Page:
Amia Guha (AW Student Ambassador/volunteer), Alastair Chirnside (St Edward’s Warden), Rachel Moffatt (St Edward’s Partnerships Manager) and Gilberto Estrada Harris.
To everyone at St Edward’s: Thank You!
‘Beyond the Pale’
The Proscholium, in Oxford
17 September – 6 November 2022.
For more info visit Bodleian Libraries
Corinne Welch’s wonderful scroll will be displayed as part of the ‘Beyond the Pale’ exhibition at the Old Bodleian Library.
Twin Towns Charity Music Concert
Amey Theatre, Abingdon
7 October 2022, 6:30pm
Abingdon and District Twin Towns Society is organising a wonderful Music Concert in aid of charities, Asylum Welcome and Ukrainian refugees.
Tickets: £10, £5 concessions, £20 family.
Bar and refreshments.
For tickets, click here (or poster below)
Dido’s Bar | Dash Arts
27 – 29 October 2022
Ticket prices: £10, £18, £26 plus Pay What You Decide (PWYD) online through Oxford Contemporary Music, or in person through Old Fire Station Oxford.
Aeneas walks into a bar on his first night in Oxford: a refugee forced to leave his homeland. He finds himself in Dido’s Bar, where the House Band play jazz and folk influenced by their own cultures. Spotted by bar owner Venus, Aeneas is pulled onto the stage and so begins a story of love, jealousy and ambition.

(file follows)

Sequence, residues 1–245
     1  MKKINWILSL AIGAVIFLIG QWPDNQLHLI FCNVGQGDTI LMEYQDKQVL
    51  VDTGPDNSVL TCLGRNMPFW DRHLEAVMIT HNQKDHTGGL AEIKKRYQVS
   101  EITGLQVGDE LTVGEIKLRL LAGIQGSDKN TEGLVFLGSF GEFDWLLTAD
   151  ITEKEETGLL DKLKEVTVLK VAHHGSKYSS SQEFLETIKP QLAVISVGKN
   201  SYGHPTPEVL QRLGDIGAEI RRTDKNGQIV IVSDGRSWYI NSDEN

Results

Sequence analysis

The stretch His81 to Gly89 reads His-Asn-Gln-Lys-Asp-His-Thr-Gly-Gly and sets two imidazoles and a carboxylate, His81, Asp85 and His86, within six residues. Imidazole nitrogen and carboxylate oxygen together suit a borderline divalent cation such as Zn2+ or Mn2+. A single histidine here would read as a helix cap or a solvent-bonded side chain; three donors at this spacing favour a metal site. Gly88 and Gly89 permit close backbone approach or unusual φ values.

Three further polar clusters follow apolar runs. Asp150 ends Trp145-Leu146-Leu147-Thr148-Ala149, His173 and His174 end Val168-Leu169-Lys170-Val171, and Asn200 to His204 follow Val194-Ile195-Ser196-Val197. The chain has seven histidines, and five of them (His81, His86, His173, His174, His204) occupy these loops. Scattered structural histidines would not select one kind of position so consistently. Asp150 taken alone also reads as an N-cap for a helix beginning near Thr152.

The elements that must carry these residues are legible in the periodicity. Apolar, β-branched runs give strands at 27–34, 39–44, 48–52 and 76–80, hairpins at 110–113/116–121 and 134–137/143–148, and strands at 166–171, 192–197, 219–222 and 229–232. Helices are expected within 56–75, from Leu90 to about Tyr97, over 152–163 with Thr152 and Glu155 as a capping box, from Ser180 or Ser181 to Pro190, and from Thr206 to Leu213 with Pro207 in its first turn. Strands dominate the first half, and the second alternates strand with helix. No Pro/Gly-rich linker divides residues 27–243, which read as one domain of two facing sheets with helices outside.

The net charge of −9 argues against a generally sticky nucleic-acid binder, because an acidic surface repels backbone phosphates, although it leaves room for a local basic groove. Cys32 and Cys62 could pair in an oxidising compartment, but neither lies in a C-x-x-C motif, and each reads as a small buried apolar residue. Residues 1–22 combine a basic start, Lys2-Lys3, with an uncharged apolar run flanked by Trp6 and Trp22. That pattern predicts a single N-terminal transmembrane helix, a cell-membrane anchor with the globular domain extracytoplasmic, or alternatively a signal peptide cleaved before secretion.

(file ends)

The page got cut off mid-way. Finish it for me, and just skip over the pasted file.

Sit at a table and watch the story unfolding all around you as the OVADA Warehouse is transformed into Dido’s Bar: a cabaret-style venue at the edge of town. The international cast draw from their own heritage to inspire the music: the tar and tanbour of Persian classical and Kurdish folk music, Arabic and Berber singing styles, Finnish folk songs and a Western jazz trio of keys, drums and bass.
Dido’s Bar is an epic retelling of Virgil’s Aeneid, one of the world’s oldest myths of migration and the founding of Europe, Aeneas “made a refugee by fate” flees war-torn Troy (in modern day Turkey) to find a home in Italy. Facing resistance from humans and manipulation from Goddesses Juno and Venus, he ends up founding the Kingdom that would become Rome.
Retold for the 21st century through the eyes of refugees today, the show is inspired by Director Josephine Burton’s encounter with Kurdish Iranian refugee and now Finnish resident Composer, Marouf Majidi.
Oxford Contemporary Music will be raising funds for Asylum Welcome through the ‘last night party’ event, which will be a performance from the Starling Sessions project.
For tickets and more information, click here: Dido’s Bar | Dash Arts